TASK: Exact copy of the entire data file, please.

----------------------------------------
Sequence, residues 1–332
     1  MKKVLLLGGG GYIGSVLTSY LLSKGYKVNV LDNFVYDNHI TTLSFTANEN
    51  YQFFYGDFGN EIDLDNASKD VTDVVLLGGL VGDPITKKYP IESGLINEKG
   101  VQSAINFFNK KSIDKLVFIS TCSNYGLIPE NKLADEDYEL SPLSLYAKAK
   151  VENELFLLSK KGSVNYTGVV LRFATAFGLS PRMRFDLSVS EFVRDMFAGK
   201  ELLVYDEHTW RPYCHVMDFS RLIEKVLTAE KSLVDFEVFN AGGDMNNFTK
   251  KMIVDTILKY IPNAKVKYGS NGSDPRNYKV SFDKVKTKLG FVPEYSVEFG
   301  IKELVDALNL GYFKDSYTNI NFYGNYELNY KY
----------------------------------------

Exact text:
Sequence, residues 1–332
     1  MKKVLLLGGG GYIGSVLTSY LLSKGYKVNV LDNFVYDNHI TTLSFTANEN
    51  YQFFYGDFGN EIDLDNASKD VTDVVLLGGL VGDPITKKYP IESGLINEKG
   101  VQSAINFFNK KSIDKLVFIS TCSNYGLIPE NKLADEDYEL SPLSLYAKAK
   151  VENELFLLSK KGSVNYTGVV LRFATAFGLS PRMRFDLSVS EFVRDMFAGK
   201  ELLVYDEHTW RPYCHVMDFS RLIEKVLTAE KSLVDFEVFN AGGDMNNFTK
   251  KMIVDTILKY IPNAKVKYGS NGSDPRNYKV SFDKVKTKLG FVPEYSVEFG
   301  IKELVDALNL GYFKDSYTNI NFYGNYELNY KY